'80 per cent of time negotiating contracts is wasted'

Will Green is news editor of Supply Management
19 October 2014

Some 80 per cent of time spent negotiating contracts is a waste, an event was told.

Martin Brenig-Jones, author of Lean Six Sigma for Dummies, told delegates that typically 20 per cent to 30 per cent of steps in a process “can be seen to be not adding value”.

Speaking at a CIPS Contracting for Real Value event, he said: “It can be upwards of 80 per cent of time is not spent in value-adding activity.”

He added: “We find organisations are over-processing, perhaps because something went wrong before.”

Alex Hamilton, CEO of Radiant Law, said: “I would say 80 per cent of time spent on deals is a waste of time.”

Delegates were told limitation of liability, price and indemnification were the three most commonly negotiated contract terms. Hamilton said contracts needed to be more tailored. “The contracts we are creating are too complex, they are too long, they are hard to use and no-one likes them,” he said.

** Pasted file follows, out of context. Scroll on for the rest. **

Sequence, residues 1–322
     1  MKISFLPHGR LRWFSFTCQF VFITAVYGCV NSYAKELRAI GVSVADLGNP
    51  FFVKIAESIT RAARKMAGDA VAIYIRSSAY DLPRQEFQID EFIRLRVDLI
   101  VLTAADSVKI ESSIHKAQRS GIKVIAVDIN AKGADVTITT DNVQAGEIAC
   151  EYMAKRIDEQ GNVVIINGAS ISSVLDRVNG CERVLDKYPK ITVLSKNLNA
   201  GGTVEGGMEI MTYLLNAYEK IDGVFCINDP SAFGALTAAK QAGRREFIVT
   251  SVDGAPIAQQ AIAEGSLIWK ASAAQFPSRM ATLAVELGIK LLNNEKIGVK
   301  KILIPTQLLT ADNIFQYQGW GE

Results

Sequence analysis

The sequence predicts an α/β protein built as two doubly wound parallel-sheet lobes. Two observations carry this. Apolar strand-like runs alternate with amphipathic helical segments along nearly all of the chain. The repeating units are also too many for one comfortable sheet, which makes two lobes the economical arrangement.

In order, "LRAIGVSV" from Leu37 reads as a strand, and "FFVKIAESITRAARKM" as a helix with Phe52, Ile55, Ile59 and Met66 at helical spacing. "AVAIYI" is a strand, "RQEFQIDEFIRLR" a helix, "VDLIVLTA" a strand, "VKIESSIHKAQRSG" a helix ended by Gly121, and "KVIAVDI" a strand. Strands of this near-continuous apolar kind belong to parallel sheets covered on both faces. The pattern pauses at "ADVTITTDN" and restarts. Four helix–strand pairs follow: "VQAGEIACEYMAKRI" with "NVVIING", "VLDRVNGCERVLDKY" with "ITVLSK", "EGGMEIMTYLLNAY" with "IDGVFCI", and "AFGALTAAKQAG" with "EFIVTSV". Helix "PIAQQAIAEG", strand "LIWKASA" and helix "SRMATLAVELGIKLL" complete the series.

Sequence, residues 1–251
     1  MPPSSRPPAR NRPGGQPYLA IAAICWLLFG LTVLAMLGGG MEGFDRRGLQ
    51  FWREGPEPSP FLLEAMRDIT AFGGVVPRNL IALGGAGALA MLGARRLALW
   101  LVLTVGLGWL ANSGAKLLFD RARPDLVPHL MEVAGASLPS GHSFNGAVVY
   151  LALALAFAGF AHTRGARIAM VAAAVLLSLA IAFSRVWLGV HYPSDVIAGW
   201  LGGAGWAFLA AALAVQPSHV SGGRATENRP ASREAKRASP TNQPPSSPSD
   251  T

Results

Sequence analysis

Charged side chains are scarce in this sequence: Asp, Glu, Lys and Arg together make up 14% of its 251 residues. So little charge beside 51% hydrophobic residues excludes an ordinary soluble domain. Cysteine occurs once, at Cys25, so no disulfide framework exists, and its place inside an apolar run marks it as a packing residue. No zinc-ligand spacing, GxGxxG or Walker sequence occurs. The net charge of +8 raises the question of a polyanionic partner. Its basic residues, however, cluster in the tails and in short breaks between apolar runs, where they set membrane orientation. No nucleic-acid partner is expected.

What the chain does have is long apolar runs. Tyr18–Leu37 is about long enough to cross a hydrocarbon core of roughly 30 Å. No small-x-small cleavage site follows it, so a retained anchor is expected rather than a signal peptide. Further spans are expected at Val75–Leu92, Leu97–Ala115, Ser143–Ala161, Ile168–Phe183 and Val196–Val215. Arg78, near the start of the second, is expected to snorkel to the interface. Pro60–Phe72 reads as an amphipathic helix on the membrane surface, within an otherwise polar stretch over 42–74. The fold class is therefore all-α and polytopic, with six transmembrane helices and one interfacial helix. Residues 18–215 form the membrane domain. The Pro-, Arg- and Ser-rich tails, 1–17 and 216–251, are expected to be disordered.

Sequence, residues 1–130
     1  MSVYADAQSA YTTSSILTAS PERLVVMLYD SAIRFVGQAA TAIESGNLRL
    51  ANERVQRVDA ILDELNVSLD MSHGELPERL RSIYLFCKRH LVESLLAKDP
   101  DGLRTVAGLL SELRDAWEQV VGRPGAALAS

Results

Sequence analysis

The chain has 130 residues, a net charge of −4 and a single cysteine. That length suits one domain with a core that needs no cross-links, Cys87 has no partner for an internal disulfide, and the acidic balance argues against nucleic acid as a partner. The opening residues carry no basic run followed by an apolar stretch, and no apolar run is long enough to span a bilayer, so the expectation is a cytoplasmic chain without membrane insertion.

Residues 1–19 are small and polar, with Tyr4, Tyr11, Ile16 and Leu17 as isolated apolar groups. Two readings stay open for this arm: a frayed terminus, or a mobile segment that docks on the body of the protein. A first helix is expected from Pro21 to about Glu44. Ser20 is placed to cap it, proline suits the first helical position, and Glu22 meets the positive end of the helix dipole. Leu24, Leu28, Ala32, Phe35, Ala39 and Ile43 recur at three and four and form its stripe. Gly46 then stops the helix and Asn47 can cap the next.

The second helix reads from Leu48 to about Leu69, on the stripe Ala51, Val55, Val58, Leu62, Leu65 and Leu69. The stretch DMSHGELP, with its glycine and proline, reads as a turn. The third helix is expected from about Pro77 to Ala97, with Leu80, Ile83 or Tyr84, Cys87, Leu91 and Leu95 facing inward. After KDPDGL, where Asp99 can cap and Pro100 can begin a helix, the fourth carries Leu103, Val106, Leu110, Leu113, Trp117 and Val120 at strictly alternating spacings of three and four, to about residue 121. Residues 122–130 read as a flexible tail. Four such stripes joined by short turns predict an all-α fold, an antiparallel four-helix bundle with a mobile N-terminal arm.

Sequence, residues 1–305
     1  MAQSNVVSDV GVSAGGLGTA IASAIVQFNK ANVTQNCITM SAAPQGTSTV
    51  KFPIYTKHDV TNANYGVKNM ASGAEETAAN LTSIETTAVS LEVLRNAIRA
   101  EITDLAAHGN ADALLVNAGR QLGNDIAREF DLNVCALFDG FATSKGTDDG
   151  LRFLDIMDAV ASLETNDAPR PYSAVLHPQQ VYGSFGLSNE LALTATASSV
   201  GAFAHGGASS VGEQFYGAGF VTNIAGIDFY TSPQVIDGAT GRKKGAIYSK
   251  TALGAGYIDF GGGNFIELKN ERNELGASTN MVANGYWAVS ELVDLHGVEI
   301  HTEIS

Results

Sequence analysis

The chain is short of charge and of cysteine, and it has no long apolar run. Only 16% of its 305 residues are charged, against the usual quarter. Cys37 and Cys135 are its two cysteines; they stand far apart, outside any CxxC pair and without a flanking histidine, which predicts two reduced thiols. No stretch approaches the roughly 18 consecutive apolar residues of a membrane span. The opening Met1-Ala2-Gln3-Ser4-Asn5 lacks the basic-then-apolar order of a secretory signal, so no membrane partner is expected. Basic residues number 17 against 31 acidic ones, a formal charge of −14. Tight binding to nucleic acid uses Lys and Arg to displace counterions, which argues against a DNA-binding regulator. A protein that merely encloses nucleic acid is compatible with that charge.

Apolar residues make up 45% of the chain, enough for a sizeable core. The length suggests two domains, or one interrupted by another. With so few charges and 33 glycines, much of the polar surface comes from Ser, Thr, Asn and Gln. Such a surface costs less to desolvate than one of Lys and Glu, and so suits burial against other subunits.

“The negotiation process crushes relationships rather than creating them.”

He said people were “really, really bad” at evaluating risk and that for strategic suppliers buyers should learn lessons from “relational” contracts, which are contracts “that can’t be enforced”. “The parties can walk away. The relationship is built on that,” said Hamilton. “People who use this have created high value.

“If you need real help in solving a problem, stop treating those relationships as a commodity.”

Ed Owen, head of technology procurement at Three, said when drawing up contracts buyers should:

•     Future-proof your agreement and anticipate change

•     Understand each party’s scope

•     Target the supply chain with collaborative objectives

•     Understand and allow for the other side’s goals

•     Use the contract process to build relationships

Owen said at Three they were developing a new approach to the supply chain where they viewed suppliers as a “community” with one service level agreement (SLA). “We are beginning to look at a whole community of suppliers based on one SLA. I don’t care what elements you are responsible for, the SLA is about where the business needs to go and if you are contributing, there’s the reward,” he said.

He added: “It’s really important that when you are head down in a room negotiating contracts that you use the opportunity to build a relationship rather than destroy it. The goodwill, the trust that you build at the contracting point will serve you well for the next few years.”

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